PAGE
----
How to Keep Your Aronia Bushes Healthy

Posted by Superberries on 3/9/2017 to Growing the Aroniaberry

Aroniaberry blossom

In a recent discussion I had regarding the growing and the cultivation of Aronia Berry plants, I was asked about the plant diseases, weeds and pests that might prey upon the Aronia Berry bush. I was also asked about the benefits and the drawbacks of using insecticides and herbicides on and around the Aronia Berry bush as a possible pest, weed and disease deterrent.

First, outside of the insects, there is a variety of wildlife attracted to the berries and the leaves of the Aronia Berry bush that may hinder Aronia yields. Deer, birds, rabbits, mice and even some domesticated dogs have been known to feed on the berries and the leaves. The Aronia Berry bush does occasionally release a natural chemical to ward off deer, but the chemical release is sometimes not nearly as efficient or as potent as it should be to provide the best resource of protection. The most efficient and proven deterrent for the deer, dogs and rabbits is high mesh fencing to keep the integrity of the berries at optimum levels. Keeping the Aronia Berry bush safe from the birds entails draping netting over the plant or netting machines as a deterrent. The use of netting can get a bit costly and time consuming if using on multiple bushes, but it has been proven to be highly effective in keeping the “feathered friends” at bay.

The Aronia Berry is in the same family as the apple and therefore has a few insect pests in common. The pests from the insect world that can and have affected Aronia yields are the apple maggot, brown marmorated stink bug, cherry fruit worm, grasshoppers, Japanese beetle, spotted wing drosophila and tarnished plant bug. This group of insect pests may seem overwhelming, but the important fact to note is that many of these pests are not active in every region indigenous to Aronia production. Synthetic insecticides are not generally recommended for use on Aronia Berry bushes because the bush and the fruit do not react well to a variety of manufactured sprays. It’s generally recommended to use organic sprays on the bushes if at all possible to keep the insects away.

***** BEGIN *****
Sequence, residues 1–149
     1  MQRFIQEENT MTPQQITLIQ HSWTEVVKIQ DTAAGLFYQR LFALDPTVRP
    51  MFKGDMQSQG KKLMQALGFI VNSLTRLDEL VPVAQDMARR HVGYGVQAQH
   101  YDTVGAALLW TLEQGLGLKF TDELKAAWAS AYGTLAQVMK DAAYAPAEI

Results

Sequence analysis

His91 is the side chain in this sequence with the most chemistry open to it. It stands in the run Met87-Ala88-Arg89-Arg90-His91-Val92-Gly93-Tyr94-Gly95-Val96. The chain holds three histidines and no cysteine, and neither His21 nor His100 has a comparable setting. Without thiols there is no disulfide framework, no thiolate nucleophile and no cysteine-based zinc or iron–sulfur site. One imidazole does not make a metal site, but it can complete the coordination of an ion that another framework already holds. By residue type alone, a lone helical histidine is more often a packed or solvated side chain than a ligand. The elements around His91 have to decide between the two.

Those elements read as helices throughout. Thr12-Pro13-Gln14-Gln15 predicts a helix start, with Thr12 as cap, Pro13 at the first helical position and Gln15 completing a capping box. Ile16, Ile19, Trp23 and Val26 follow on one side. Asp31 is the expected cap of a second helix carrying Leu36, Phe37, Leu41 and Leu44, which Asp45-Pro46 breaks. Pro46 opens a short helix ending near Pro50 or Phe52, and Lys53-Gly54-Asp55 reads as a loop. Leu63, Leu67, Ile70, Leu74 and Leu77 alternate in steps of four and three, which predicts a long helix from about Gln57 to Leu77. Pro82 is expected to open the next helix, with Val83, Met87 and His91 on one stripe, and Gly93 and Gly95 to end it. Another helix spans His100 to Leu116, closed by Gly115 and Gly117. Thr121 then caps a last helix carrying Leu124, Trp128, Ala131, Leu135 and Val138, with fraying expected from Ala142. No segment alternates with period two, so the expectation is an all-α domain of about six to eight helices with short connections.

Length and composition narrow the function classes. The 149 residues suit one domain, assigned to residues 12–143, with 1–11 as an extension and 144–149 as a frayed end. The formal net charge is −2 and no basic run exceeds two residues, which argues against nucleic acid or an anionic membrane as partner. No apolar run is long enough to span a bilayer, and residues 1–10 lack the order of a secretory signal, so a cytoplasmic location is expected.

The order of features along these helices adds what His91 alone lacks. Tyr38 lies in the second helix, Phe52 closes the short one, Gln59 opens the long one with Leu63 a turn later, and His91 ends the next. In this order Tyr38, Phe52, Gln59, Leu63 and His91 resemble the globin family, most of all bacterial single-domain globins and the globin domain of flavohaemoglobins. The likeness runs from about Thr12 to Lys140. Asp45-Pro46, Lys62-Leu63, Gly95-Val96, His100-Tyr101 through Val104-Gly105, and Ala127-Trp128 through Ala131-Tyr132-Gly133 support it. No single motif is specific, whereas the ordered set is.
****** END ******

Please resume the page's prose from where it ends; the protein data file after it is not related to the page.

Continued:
Plant diseases that may affect the Aronia Berry bush are cedar-quince rust and cedar-apple rust. This may turn the leaves brown, but it’s very rare that it will affect yield in healthy Aronia Berry bushes. Overall, though, the Aronia Berry bush has very few known plant diseases that affect it at this time making it one of the sturdiest plants in the vegetation kingdom.

When it comes to weeds, it’s generally recommended to mulch the soil around the Aronia Berry bushes to control weed growth and use good, old fashioned “elbow grease” to hand weed the area around the bushes. It’s not recommended to mow or use a weed-eater in the event that this may inadvertently cause damage to the canes on the bushes making them more susceptible to disease. If an herbicide is used, it’s also recommended to use an organic spray to protect the integrity of the Aronia Berry bush.

For further details and a wealth of resources on organic sprays, non-organic sprays and the cultivation and growth of Aronia Berry bushes, please contact your local county extension agent. They’ll be more than happy to provide you with any additional information you may seek regarding the nuances of the Aronia Berry bush and its care. In the meantime keep “eating purple” and keep spreading the Superberries word.